Geneseo History 1921-1930

1921

Acting Principal Blake

Anne Blake

Principal James Sturges was granted a leave of absence for health reasons, and Dean Anne Blake served as acting principal till the next year.

(1922 Normalian)

1921

Acting Principal Blake

1921

50 Years

Lamron cover 50th anniversary

The Geneseo State Normal School celebrated its fiftieth anniversary in June. A big celebration, held during several days in conjunction with graduation, included a baccalaureate service, a picnic, a baseball game, and a sunset sing on campus, lectures by politicians and school administrators, and a day filled with activities for alumni. A "Pageant of Gifts" featured hundreds of participants and was effusively reported in the Livingston Record as "a riot of color, music, and dancing." Though considered quaint now, the importance of the event was underscored by the esteemed attendees at commencement, including U.S. Senator James Wadsworth Jr., New York State Attorney General Charles Newton, and Commissioner of Education Frank Graves.

(Roemer House Collection)

1921

50 Years

1922

Special Education Program Began

Craig Colony for special education

Mandated by an act of state legislature in 1920, a program for preparing teachers of mentally handicapped children was implemented. The School of Practice and Demonstration at Craig Colony, an extension department, educated teachers of exceptional children. The specialization began to distinguish Geneseo after only six years.

Craig Colony building (1929 Normalian)

1922

Special Education Program Began

1922

Winfield Holcomb Became Principal

Winfield Holcomb

Principal Sturges retired for health reasons, and Winfield Holcomb took over leadership of the school. Although his tenure saw the construction of several new buildings, Holcomb believed that his most important contribution was upgrading the faculty. When he first arrived in 1922, 27 of the teachers held no degree. By his retirement in 1934, four of the 55 faculty held doctoral degrees, 34 held master’s, 12 had bachelor’s, and only five were without degrees.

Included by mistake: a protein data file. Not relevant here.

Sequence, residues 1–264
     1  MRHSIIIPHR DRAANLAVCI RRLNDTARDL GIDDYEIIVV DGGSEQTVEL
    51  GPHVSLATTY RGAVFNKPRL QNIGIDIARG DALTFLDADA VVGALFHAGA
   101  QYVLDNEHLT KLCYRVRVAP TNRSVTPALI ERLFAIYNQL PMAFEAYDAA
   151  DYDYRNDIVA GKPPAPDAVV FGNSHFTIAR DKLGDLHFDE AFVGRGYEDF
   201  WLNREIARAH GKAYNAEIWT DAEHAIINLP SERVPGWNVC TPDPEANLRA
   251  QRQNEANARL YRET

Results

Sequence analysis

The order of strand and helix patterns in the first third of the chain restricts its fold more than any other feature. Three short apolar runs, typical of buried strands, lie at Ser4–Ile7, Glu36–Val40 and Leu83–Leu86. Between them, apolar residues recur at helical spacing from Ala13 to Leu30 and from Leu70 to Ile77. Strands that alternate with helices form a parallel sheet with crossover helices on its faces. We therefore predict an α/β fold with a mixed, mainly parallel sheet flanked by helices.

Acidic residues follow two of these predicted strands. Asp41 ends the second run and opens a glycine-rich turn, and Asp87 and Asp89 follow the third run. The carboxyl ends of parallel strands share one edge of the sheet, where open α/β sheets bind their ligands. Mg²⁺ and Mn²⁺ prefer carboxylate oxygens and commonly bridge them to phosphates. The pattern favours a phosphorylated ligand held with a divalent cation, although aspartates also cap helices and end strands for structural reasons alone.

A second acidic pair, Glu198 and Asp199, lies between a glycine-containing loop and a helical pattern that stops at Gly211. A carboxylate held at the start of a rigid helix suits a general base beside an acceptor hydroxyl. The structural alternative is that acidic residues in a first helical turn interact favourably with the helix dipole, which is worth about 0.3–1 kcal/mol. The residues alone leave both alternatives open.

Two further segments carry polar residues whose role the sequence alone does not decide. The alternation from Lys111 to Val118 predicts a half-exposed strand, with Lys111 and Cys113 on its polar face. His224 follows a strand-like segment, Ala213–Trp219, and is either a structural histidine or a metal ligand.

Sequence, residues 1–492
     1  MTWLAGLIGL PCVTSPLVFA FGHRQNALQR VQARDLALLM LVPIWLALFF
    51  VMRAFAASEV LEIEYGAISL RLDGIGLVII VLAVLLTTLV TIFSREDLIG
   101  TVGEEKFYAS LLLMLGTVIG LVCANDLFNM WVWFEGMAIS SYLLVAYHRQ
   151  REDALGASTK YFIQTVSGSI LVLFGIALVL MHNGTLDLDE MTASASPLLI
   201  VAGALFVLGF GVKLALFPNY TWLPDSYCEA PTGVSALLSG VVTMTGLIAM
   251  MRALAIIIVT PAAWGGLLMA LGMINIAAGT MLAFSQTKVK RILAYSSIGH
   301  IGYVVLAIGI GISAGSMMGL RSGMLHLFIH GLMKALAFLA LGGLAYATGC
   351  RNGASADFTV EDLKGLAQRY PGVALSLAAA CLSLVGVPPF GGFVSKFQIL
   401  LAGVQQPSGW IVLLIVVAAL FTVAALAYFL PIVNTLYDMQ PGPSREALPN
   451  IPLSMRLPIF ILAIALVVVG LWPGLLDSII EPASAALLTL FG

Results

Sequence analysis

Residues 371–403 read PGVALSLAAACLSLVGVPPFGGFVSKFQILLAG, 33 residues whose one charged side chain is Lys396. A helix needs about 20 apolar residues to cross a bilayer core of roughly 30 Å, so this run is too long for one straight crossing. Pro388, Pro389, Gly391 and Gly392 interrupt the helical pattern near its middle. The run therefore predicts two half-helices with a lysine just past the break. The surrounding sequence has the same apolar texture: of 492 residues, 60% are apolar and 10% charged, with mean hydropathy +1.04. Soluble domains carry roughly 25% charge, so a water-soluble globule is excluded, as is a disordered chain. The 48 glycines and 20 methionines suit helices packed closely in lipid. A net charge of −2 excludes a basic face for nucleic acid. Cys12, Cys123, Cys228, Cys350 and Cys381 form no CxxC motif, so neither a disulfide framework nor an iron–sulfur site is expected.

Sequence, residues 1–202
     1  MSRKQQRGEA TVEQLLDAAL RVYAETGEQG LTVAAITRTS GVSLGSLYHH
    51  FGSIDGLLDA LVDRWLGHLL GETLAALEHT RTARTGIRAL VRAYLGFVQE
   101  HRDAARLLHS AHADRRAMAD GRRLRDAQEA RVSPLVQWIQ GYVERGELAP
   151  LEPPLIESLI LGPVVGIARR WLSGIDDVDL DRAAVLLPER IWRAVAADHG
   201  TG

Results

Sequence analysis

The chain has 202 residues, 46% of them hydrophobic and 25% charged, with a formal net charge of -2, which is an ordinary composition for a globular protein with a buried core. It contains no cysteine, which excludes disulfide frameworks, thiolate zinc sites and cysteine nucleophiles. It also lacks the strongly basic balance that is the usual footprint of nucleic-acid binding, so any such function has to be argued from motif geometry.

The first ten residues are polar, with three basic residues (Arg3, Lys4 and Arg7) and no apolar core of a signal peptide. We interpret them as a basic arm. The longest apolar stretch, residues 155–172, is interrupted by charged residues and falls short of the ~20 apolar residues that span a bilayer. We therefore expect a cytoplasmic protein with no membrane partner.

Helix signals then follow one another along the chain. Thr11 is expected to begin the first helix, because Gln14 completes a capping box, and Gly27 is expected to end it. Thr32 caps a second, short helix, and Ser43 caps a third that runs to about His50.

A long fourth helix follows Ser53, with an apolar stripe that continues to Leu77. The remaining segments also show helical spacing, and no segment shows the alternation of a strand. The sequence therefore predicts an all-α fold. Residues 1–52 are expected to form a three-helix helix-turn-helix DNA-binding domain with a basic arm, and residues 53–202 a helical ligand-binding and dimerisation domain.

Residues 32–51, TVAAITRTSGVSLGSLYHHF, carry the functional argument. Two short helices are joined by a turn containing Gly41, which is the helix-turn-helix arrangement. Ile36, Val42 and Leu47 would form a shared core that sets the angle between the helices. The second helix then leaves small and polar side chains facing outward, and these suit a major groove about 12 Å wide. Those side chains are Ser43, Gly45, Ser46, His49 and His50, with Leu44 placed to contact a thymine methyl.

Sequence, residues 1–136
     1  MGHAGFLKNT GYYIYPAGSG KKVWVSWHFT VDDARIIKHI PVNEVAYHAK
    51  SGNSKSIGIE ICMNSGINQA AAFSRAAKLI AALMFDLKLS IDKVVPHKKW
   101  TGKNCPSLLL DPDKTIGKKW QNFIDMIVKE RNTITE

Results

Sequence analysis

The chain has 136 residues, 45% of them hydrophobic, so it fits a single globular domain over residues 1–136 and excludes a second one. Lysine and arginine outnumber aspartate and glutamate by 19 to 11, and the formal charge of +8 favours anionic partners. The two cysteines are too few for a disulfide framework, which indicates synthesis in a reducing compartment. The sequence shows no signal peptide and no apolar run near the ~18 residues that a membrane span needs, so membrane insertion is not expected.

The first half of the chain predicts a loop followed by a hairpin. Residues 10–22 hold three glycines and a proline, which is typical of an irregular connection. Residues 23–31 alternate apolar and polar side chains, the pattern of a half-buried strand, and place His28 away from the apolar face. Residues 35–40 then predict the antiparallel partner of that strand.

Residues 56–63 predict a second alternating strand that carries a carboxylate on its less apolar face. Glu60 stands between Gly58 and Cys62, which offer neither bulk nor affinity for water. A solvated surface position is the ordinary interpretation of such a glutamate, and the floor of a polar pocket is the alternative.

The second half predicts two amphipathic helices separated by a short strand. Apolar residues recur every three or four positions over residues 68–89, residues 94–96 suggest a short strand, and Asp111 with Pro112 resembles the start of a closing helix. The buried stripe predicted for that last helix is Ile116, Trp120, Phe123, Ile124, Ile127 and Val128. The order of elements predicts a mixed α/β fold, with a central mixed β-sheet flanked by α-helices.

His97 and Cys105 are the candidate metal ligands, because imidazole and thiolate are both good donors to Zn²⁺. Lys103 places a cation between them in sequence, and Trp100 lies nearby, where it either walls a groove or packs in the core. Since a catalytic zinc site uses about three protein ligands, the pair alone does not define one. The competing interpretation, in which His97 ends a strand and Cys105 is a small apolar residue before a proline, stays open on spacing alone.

(1934 Normalian)

1922

Winfield Holcomb Became Principal

1922

Up from Two to Three Years

All programs were lengthened to three years, which earned graduates a diploma and a life teaching license—though still not the degrees normally offered by four-year liberal arts colleges. Beyond the general education courses, students had the options of the kindergarten-primary, intermediate, junior high, teacher-librarian, or Education of Exceptional Children [special education] programs. Another option was “school librarian” for those students intending to teach in "third-class cities" or junior high schools.

1922

Up from Two to Three Years

1922

The Lamron

Geneseo's student newspaper The Lamron published its first issue "in its new dress." (In a nod to the school’s history, the name "Lamron" is "Normal" spelled backward.) Beginning in 1917, The Lamron had been published in varying formats, seemingly at the whim of each year’s editors. The student-run newspaper is still published, with coverage of news, sports, arts and entertainment, student-life features, and campus happenings.

1922

The Lamron

1924

Student Cooperative Government Organized

student government officers

The Student Cooperative Government intended "to train students in self-direction and in meeting individual responsibilities," such as "driving after dark, study hours, lighting regulations, control over attendance, outside dances." Faculty continued to wrestle with the matters of attendance to class and chapel and appropriate penalties for absences.

First officers of student government (1925 Normalian)

1924

Student Cooperative Government Organized

1925

First Long-Term Alma Mater

In May, the College introduced its first long-term alma mater. "Proudly It Stands on the Hillside So Firm," with words by Julia Silsby ’26 and music by Valma Horton ’27, had been preceded by several short-lived alma maters.

1925

First Long-Term Alma Mater

1929

Student Teaching Began

The newly established Department of Rural Education began offering real-world student teaching experiences off-campus, which helped strengthen teacher education.

1929

Student Teaching Began